The present Spanish scroll is EXTREMELY IMPORTANT AND OF UTMOST RARITY, in that it features a number of scribal peculiarities that, on the one hand, are known from medieval writings, but, on the other hand, were until now never attested in any medieval scroll from Spain. Only three scrolls from medieval Spain are known to exist today, a scroll that Nissim of Gerona wrote for himself, a scroll that was preserved in Rhodes -- both now in the Jewish National and University Library in Jerusalem -- and the one offered for sale here, which is in an excellent state of preservation and is THE ONLY SURVIVING TORAH SCROLL FROM SPAIN CONTAINING 'SPIRAL AND CURVED LETTERS', as advocated by Moses Maimonides. The dating and localization of the scroll have been confirmed by Prof. Malachi Beit-Ari, Director of the Hebrew Paleography Project and Ludwig Jesselson Professor of Codicology and Palaeography at the Hebrew University in Jerusalem, who personally inspected the original.

Paleographical analysis

The scroll is written in monumental Sephardic scribal square scripts, which are nearly identical to the square script used in medieval Sephardic codices of the Bible. There are some differences, however.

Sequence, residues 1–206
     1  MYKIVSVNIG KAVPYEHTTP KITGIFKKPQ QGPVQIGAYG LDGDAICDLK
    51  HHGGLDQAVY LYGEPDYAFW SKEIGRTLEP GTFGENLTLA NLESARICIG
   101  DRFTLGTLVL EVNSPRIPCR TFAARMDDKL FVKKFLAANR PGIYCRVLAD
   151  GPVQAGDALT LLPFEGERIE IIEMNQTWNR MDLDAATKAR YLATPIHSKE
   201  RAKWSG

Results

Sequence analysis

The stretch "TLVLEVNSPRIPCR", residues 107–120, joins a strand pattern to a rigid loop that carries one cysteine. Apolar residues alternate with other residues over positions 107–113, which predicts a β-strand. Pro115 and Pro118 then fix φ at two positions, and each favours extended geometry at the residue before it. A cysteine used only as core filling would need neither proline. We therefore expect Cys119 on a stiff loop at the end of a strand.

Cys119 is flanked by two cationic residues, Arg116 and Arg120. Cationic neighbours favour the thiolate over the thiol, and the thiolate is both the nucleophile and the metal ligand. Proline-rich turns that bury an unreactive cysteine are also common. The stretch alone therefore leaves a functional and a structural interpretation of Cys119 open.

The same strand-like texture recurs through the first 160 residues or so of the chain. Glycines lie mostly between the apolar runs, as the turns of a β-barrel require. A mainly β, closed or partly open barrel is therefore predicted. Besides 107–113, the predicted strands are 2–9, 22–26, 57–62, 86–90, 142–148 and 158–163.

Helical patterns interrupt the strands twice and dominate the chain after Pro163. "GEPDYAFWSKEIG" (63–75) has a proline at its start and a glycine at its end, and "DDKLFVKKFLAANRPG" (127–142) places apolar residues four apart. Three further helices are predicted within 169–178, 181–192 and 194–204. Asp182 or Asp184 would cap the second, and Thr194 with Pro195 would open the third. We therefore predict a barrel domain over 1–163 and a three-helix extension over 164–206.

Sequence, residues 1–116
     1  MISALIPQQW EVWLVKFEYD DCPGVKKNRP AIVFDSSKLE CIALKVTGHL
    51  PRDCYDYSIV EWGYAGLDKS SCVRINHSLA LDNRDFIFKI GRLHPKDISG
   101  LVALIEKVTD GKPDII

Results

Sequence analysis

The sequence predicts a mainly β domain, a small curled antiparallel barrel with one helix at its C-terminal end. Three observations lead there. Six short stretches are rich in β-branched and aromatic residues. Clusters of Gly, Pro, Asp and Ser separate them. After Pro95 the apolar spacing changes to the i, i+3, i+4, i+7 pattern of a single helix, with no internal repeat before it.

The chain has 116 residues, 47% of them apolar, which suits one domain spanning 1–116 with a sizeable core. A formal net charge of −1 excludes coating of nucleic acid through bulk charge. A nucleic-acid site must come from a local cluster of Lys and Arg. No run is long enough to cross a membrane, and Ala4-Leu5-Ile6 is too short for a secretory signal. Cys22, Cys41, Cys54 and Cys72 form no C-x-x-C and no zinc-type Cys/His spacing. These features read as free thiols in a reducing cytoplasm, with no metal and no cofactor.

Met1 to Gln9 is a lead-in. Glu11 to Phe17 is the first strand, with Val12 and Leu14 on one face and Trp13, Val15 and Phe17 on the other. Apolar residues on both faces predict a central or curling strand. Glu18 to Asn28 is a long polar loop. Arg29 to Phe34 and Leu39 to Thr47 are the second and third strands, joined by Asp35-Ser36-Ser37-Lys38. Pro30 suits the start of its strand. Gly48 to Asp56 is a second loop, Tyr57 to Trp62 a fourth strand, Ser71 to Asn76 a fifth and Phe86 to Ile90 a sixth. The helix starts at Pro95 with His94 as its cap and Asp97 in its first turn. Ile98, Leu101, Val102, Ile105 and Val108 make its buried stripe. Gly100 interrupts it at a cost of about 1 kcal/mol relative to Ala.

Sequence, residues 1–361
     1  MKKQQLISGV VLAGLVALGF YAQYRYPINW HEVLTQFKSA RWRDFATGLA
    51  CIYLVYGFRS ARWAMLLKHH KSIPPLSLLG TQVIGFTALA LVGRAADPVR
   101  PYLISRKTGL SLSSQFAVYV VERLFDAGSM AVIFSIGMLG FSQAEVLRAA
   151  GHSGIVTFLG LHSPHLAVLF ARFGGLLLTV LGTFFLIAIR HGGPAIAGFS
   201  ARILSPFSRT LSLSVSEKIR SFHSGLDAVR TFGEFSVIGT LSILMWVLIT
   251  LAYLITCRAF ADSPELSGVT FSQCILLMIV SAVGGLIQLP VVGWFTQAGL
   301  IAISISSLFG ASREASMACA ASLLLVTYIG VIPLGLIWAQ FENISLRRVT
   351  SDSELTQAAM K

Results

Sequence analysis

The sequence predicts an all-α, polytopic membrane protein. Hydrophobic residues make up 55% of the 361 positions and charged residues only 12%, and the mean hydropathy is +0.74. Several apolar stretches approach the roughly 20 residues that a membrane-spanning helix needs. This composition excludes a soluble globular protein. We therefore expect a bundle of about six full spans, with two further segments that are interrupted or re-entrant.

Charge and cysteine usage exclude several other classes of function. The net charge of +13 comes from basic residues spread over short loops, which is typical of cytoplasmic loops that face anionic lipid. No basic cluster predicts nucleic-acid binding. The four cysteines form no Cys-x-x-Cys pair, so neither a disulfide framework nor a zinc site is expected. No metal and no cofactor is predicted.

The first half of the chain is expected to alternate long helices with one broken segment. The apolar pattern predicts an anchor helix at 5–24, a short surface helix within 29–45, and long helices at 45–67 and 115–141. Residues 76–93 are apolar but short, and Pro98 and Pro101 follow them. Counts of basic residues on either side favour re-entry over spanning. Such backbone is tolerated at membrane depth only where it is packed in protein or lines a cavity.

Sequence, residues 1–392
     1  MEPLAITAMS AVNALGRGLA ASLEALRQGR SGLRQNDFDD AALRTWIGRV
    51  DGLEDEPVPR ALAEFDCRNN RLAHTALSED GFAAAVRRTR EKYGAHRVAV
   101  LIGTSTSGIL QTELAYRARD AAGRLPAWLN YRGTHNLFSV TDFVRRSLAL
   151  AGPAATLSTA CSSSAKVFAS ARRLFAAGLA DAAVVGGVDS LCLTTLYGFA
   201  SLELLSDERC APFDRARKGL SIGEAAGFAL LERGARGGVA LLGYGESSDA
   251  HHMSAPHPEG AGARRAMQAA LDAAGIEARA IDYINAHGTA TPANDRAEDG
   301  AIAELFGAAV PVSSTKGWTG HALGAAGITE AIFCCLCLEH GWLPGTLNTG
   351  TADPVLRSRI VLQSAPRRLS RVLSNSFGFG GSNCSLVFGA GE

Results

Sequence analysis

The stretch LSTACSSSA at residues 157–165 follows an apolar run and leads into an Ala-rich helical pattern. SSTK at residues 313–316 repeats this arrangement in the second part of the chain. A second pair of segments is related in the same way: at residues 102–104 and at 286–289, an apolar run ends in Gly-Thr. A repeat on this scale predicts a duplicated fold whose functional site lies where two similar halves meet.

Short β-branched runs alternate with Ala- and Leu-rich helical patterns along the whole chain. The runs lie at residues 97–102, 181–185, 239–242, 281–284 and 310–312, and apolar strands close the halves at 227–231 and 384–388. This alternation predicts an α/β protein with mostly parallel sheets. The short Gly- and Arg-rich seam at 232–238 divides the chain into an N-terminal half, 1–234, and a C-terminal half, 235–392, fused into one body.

The letter yod: On the left-hand side of the letter, in addition to the serif facing up, yet another, similar one appears facing down, as in the ancient oriental yod. A similar form is found in the Ashkenazic script where this effect was produced as a consequence of the way in which Ashkenazi scribes used their quills. This form of the letter yod fits the descriptions of Rabbenu Tam, Asher ben Jehiel (Ha-Rosh), and R. Jacob ben Asher (cf. Tur, O.H., 36), which are based on two sayings of the Sages (B.T. menahot 29b; Pesikta Rabbati, ed. Ish Shalom, #21, incipit: anokhi). In classical square Sephardic script, as it appears in the codices, the yod has only one serif, facing upwards. A yod like the one described (and illustrated) by Asher ben Jehiel may be observed in some of the letters yod in the Torah scroll that R. Nissim of Gerona wrote for himself, which was donated to the community of Barcelona in 1336 (now MS Heb. 4o 5935 in the Jewish National and University Library, Jerusalem; cf. S.Z. Havlin, 'The Torah Scroll that Rabbenu Nissim of Gerona Wrote for Himself' [in Hebrew], Alei Sefer, Ramat Gan 1986, No. 12, pp. 5-36, including plates). This letter appears in a clearer form in a unique Sephardic Torah scroll which was preserved on the island of Rhodes (and damaged during the Second World War) and which was acquired recently by the Jewish National and University Library in Jerusalem (MS Heb. 4o 7404). This comparison is of special relevance since this scroll was written at the same time as the Torah scroll offered for sale here.